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Harvard Law Prof Attempts to 'Scare the Bejesus' Out of ABA

Scared The sky is falling. So sayeth Professor David B. Wilkins of . . . excuse me . . . Harvard Law School.

According to the ABA Journal, Wilkins, director of HLS's "Program on the Legal Profession," was invited to speak to the ABA's House of Delegates, with the express intention of making them quiver, pee their pants, and possibly start stockpiling weapons and canned food.

Wilkins may well have succeeded, by opining that:

  • Lawyers no longer "control pretty much everything"; rather, "in many areas, the state actively intervenes in the way the profession operates."
  • U.S. lawyers are no longer seen as the center of the legal universe. “Even before the crash, many would argue that London had become the center of the economic world. How far east or south will it go? Shanghai, Mumbai, Sao Paulo or all of the above?”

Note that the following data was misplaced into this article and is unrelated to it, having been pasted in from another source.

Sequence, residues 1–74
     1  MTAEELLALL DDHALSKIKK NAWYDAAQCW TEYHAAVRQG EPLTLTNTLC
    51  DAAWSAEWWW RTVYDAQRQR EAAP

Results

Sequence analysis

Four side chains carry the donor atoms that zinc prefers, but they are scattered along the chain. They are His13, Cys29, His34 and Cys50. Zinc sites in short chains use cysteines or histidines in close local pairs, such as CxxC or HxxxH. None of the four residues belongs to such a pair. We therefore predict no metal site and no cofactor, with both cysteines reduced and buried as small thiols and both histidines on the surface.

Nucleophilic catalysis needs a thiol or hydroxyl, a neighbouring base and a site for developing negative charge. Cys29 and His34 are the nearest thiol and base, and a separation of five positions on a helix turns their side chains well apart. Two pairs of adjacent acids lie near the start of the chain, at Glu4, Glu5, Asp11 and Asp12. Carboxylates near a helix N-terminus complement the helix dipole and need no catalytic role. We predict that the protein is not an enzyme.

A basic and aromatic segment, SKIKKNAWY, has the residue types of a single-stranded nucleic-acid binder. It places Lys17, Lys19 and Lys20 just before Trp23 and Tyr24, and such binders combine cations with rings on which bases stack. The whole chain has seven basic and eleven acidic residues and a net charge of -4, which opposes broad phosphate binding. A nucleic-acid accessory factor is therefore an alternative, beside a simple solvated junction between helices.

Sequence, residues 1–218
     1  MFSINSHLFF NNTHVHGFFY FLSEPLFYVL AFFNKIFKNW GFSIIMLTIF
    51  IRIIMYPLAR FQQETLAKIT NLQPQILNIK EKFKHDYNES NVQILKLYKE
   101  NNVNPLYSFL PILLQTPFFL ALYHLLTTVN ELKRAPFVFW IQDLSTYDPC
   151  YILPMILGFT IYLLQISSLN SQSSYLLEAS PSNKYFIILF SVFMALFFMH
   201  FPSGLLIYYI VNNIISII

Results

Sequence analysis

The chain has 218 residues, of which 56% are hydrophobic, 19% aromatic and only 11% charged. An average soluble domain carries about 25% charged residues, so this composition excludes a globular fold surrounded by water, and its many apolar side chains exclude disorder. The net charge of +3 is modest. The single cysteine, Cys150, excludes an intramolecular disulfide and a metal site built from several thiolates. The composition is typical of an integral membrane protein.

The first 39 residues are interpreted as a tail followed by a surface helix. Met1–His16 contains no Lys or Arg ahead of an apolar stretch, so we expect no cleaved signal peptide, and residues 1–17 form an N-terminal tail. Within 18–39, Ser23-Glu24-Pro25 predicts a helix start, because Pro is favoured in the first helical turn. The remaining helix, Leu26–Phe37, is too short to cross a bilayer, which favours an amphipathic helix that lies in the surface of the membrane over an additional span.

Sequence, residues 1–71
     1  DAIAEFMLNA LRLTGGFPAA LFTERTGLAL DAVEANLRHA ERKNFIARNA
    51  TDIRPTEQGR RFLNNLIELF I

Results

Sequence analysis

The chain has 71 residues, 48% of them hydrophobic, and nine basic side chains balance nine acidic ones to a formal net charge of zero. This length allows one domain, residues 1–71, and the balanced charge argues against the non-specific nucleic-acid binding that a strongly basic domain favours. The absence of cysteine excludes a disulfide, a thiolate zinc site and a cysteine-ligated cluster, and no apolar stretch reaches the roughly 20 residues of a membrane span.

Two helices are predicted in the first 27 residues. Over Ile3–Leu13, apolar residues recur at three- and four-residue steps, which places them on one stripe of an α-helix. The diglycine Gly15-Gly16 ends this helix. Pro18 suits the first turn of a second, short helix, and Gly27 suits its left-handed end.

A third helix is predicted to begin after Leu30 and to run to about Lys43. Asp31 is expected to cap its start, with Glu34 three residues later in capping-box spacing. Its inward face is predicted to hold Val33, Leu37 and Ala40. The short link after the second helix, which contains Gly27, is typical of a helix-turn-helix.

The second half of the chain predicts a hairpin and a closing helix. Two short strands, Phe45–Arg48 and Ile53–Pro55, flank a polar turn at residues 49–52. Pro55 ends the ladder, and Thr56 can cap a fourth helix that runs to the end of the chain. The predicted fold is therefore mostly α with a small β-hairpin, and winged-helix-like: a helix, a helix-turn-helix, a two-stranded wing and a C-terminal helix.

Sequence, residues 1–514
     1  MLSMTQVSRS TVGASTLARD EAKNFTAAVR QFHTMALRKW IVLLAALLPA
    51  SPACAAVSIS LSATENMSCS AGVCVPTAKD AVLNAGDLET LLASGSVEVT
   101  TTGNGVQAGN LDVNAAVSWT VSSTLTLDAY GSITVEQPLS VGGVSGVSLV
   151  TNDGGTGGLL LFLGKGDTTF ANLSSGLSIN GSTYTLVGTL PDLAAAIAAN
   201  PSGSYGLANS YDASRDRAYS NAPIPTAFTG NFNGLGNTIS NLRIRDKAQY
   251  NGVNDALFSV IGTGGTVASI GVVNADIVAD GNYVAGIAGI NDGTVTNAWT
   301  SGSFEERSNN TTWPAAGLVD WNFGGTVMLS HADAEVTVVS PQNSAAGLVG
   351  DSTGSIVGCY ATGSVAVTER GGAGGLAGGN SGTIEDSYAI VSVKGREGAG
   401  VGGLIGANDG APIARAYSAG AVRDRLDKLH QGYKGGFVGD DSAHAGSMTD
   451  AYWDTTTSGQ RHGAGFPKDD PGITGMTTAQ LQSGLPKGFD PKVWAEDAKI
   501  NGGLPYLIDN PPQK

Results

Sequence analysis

• China and India have established "transnational" law schools where students may be trained in U.S. law. China is seeking ABA accreditation for its school.
  • Clients are beginning to consider the quality of the work product delivered, rather than being satisfied simply because a named partner with an impressive pedigree promises that he's "on top of it." Wilkins calls this "a different kind of competition."
It sounds like an unmitigated nightmare for those who are currently under the impression that attorneys are superhuman overlords of all that they survey, impervious to any external factors as a result of the powers imbued by a law degree. At least one from a T14 school. Harvard, for example.

Posted by Eric Lipman on August 10, 2010 at 10:25 AM | Permalink | Comments (2)

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